In the past week, Peninsula Light Company gave $6400 to 32 local families as part of Project Help, the annual member-funded program to assist low-income families in the area with winter energy costs. Since the program started in November, over 250 familes have already been helped.
PenLight’s offices are busy with twice-a-week appointments for families applying for aid, said member services manager Christy Iverson.
“Any week, there’s somebody in tears in our office meeting with us because they’ve never had to ask for assistance before,” Iverson said. “They’re just trying to go day by day.”
Project Help began over a decade ago, as an expansion of the assistance PenLight already provided through the Low Income Energy Assistance Program (LIEAP), a federally-funded program filtered through state and county agencies.
“We’ve always known there’s a need [because of LIEAP],” said Jonathan White, PenLight’s director of marketing and member services. “But we thought there was also a great opportunity to engage with our members and help them assist as well.”
PenLight members contribute to Project Help in three different ways. Members can choose to make one-time contributions, to add a certain amount of money to their monthly energy bill or to participate in the “Project Help Round Up,” which rounds every monthly bill to the nearest dollar and sets aside the difference for the project’s fund. Rounding bills up adds an average of $6 to $7 to bills each year, White said.
All in all, PenLight receives about $25,000 annually in donations from members and from one-time contributions from outside organizations such as Key Peninsula Community Services, Gig Harbor Peninsula FISH Food Bank and local churches. PenLight matches each donation dollar for dollar.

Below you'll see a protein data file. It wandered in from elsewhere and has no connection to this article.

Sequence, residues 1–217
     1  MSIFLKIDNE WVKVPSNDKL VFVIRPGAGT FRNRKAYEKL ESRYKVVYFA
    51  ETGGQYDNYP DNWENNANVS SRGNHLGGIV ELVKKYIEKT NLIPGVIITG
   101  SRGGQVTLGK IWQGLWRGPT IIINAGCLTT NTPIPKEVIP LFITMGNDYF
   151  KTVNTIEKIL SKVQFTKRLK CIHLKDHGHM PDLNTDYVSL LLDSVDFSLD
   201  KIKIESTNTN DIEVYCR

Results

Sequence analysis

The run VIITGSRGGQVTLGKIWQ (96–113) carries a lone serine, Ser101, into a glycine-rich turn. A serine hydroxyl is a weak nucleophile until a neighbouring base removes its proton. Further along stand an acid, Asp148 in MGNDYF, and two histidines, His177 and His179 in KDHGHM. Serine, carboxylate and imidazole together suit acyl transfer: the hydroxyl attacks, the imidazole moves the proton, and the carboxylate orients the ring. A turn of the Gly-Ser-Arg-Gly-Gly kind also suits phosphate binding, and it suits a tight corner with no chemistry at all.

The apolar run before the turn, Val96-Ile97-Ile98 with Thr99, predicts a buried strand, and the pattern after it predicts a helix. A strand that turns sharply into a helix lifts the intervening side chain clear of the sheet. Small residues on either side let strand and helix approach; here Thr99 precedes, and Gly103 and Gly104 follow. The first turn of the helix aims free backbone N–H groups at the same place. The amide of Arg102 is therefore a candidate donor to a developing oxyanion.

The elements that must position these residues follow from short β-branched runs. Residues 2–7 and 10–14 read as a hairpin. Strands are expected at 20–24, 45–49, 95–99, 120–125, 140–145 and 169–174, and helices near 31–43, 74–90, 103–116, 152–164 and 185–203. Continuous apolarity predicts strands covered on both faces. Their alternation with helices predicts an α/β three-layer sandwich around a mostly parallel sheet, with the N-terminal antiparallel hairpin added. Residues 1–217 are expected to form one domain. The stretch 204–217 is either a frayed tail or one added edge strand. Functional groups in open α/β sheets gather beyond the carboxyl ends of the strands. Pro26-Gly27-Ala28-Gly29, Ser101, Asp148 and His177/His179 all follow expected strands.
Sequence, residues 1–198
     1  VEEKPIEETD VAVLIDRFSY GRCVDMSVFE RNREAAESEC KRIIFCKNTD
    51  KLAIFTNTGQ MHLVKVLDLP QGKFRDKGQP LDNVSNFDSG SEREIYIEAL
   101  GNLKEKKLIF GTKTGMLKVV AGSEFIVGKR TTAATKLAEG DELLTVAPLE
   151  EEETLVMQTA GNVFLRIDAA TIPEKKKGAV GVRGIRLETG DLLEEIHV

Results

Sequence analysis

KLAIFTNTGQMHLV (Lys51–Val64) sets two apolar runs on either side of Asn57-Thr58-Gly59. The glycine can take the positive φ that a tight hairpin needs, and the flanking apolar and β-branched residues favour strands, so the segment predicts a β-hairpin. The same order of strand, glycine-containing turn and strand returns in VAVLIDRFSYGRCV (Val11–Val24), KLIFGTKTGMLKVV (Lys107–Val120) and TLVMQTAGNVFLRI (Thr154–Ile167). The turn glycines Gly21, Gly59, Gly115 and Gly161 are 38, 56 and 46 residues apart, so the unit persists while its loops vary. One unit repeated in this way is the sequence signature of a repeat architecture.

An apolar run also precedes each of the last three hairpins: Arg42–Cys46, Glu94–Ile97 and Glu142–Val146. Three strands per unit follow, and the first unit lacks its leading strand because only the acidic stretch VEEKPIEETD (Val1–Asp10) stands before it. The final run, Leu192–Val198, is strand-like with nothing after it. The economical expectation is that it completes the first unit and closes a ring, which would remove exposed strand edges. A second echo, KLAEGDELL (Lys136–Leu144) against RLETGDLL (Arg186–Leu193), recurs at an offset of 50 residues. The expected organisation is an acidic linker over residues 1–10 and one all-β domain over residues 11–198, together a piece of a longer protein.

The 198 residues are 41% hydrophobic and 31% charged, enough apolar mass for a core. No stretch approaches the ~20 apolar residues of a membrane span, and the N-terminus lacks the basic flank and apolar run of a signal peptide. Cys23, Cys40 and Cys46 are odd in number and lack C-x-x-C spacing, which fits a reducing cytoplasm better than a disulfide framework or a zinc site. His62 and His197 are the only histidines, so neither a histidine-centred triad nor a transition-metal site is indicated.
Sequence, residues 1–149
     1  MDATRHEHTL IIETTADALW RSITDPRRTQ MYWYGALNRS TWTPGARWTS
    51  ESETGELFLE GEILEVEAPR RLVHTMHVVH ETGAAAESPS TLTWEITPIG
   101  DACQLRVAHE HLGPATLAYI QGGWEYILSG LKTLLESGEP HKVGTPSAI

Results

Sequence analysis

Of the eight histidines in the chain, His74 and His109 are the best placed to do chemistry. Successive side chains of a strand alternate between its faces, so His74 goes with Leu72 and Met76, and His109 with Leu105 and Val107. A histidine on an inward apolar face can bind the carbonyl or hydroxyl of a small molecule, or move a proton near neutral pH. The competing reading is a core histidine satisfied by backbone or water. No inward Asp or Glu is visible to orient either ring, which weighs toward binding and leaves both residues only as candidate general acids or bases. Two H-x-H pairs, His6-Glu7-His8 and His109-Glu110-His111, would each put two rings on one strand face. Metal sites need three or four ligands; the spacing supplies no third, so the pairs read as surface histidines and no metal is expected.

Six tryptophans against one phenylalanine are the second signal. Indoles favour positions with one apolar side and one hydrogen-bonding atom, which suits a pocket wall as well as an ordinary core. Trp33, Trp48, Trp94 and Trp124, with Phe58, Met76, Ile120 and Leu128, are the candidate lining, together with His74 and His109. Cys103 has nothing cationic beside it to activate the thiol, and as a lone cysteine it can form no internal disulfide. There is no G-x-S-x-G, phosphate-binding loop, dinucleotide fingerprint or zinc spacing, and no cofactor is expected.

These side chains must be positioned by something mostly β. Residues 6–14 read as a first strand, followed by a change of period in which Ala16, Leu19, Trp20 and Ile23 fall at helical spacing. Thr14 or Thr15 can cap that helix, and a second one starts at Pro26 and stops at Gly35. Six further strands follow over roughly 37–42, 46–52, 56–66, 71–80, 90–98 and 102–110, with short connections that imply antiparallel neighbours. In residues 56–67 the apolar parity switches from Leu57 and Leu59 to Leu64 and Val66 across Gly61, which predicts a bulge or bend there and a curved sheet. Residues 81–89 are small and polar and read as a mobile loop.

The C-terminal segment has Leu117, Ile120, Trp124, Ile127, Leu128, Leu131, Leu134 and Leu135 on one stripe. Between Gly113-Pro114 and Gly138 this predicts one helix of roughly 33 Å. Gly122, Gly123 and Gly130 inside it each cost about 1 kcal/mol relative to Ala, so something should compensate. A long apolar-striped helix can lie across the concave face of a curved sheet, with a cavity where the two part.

“We really depend on these donations every year,” White said.
Families are usually referred to the program through social services or by calling PenLight to ask for a deferral of payment, Iverson said. Possible receipients then schedule an appointment at PenLight’s offices to see if they are eligible for assitance.
Project Help is available for families with an annual income lower than 150 percent of the poverty level as defined by the federal government, or $34,575 for a family of four. Families must also have received a late-payment notice and be at risk for service disconnection to be eligible.
LIEAP only helps families making less than 125 percent of the poverty threshold, which Iverson said is why Project Help was designed to cast a wider net. She said that Social Security payments often push receipients just over the 125 percent limit, but can still make paying energy bills difficult, especially in the winter.
“Sometimes the Social Security they receive might be just $30 or $40 more than what the level is. So we try to accommodate for that so we can include some of the seniors and disabled in our community,” Iverson said.
Eligible families receive a $200 credit to their PenLight account, to help cover to cost of heating bills throughout the winter. Project Help runs from November to April.
“It gives them a period of time to get some other assistance, or maybe just get them over the hump that they needed,” Iverson said.
Over the years, PenLight has seen a very positive response to the Project Help program from the community, including one-time donations of as much as $5,000. Some churches and social services that want to help with winter heating costs but don’t have the infrastructure to do so donate to PenLight to manage the funding instead.
In other cases, previous recipients have sent “pay-it-forward” donations to Project Help after becoming more financially stable.
“They’ve reimbursed whatever we sent them and then doubled it, to help other people,” Iverson said. “There are stories that just bring tears to your eyes.”